“This Must Be the Place”
Nov. 9, 2012
When it came time to cast Cheyenne, a bizarre, stolid 50-year-old former drug addict and lead singer of an iconic rock band, “This Must Be the Place” writer-director Paolo Sorrentino didn’t hold an open call. He wrote the part for actor Sean Penn, who signed on immediately. Initial design meetings were equally seamless. According to Costume Designer Karen Patch, “[Penn] and [Sorrentino] were on board from the start and at [the] first fittings, everything was decided upon—including hair and makeup.”
Though the initial vision for Cheyenne was smooth, capturing the complexity of the character was not a simple task. The dark comedy follows the former rocker as he resurfaces after 25 years in relative seclusion in Ireland, road tripping across the U.S. to avenge his long-estranged father’s death. Despite grappling with family tragedy, depression, and midlife crisis, Cheyenne maintains an amusing child-like quality. To highlight Cheyenne’s eccentric persona and unwillingness to let go of the past, Patch pulled much of her inspiration from photos of 80s rocker Robert Smith, lead singer of The Cure. “The choice of style, color, fabric and the way [Cheyenne’s] costume is worn identify a place and time and help tell his story,” Patch says. “The challenge for me was to keep the humor in his look and to find a simple beauty.”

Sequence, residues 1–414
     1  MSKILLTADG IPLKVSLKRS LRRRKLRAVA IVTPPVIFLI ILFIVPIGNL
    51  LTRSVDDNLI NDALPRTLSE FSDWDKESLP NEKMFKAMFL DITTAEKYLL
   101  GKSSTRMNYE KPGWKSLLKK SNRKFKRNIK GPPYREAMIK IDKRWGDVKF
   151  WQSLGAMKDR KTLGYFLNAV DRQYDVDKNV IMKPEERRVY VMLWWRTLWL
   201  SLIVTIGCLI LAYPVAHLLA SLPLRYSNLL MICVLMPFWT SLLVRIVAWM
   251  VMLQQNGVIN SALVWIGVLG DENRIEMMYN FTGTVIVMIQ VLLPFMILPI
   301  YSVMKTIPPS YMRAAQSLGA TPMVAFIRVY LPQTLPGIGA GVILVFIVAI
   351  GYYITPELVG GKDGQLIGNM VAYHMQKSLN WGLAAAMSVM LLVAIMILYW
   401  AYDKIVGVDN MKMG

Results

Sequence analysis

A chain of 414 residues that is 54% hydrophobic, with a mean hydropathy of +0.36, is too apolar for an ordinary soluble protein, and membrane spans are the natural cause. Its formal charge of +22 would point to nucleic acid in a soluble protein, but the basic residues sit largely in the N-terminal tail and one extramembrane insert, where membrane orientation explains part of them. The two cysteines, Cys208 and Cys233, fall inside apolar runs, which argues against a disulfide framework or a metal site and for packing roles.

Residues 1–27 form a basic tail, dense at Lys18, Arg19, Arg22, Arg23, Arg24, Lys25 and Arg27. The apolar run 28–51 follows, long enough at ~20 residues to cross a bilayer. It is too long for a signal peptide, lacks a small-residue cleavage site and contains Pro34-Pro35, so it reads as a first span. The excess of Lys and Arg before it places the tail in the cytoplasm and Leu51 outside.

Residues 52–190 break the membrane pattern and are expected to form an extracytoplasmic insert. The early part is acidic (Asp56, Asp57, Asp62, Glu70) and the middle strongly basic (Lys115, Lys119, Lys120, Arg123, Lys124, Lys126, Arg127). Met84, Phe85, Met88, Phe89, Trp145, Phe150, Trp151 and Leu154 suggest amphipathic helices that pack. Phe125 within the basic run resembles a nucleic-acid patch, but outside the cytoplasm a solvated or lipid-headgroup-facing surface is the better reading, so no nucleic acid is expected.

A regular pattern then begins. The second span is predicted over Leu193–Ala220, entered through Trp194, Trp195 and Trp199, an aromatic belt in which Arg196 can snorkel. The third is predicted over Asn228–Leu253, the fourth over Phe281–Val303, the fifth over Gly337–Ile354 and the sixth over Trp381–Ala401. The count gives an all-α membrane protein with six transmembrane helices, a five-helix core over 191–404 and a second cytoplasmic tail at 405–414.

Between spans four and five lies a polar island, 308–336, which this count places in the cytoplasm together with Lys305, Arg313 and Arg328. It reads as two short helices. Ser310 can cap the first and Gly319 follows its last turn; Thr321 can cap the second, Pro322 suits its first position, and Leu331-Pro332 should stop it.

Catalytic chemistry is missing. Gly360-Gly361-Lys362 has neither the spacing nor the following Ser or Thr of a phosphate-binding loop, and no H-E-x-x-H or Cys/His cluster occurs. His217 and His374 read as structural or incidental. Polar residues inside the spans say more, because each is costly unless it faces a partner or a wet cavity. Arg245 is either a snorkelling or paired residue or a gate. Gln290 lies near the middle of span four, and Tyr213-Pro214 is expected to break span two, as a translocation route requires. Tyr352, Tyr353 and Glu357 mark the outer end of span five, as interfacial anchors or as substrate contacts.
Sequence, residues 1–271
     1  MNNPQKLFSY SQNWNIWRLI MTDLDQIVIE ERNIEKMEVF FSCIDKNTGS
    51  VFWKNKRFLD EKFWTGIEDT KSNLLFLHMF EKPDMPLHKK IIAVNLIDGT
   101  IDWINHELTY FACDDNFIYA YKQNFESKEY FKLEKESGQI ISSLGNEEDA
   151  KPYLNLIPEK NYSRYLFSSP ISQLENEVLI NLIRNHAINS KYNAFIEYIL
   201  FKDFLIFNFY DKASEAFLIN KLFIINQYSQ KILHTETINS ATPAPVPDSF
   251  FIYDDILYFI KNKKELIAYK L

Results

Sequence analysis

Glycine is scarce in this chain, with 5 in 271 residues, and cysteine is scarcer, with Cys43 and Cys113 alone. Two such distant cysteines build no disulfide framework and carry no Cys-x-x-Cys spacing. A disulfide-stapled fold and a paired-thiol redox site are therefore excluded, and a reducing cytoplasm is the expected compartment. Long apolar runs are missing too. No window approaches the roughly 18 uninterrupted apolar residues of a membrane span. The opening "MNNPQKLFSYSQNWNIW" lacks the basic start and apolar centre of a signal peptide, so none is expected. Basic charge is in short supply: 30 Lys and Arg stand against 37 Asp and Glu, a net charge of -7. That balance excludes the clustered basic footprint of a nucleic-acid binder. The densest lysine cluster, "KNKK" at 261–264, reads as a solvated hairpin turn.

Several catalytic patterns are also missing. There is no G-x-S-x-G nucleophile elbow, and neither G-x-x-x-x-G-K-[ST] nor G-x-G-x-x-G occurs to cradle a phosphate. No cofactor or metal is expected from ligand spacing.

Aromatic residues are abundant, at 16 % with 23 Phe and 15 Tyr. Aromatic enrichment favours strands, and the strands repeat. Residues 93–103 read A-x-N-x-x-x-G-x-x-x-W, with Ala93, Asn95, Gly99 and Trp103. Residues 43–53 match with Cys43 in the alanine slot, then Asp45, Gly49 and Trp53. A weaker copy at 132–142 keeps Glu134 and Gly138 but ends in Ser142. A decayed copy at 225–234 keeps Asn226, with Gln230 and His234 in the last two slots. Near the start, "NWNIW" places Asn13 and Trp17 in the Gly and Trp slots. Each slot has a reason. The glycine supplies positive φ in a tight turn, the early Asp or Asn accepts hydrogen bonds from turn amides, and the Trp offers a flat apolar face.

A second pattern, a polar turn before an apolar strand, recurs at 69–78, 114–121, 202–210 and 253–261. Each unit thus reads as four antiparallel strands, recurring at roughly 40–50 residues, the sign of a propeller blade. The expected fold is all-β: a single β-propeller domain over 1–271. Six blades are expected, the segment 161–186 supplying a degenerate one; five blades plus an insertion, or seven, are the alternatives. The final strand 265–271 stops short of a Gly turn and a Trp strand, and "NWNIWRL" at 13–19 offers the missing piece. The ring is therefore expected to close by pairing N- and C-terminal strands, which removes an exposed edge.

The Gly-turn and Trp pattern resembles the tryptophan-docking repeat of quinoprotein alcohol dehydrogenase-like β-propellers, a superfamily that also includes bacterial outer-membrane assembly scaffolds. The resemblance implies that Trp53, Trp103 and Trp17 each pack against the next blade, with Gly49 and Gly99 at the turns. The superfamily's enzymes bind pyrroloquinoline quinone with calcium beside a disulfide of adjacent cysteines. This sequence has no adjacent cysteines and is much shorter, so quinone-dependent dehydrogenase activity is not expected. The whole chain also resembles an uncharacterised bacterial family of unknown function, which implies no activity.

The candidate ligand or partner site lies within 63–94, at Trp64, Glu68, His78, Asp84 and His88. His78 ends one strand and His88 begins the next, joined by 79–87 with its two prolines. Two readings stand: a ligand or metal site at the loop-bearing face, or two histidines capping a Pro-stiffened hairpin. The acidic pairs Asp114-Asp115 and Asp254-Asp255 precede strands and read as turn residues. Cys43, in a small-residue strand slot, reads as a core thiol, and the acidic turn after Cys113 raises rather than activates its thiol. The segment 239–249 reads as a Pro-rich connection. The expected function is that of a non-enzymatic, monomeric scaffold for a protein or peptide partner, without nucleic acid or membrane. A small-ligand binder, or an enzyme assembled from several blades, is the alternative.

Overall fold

Cheyenne continues to wear the costume of his youth throughout the film, almost solely wearing black. Patch worked with Chrome Hearts (a brand made popular in the 80s) to obtain a number of pieces from their archival collection, which is housed in New York. She then added subtle details—for example, Patch added the faux fur trim to the black hooded sweatshirt from Chrome Hearts and took in the legs on the black cargo pants to better represent the era and to make the look more whimsical. The lace-up military-style boots Cheyenne wears are from Doc Marten while Patch found other pieces, such as a calf-length overcoat, at a “Goth store” in London. In addition to the clothing, Patch’s jewelry selection really stands out. From a skull ring that she found at Kieselstein in New York, to silver and black box-chain necklaces and a dangling noose pendant earring (decorating Cheyenne’s left ear)—these little details only help to reinforce the character’s inability to break from his long-gone glory days.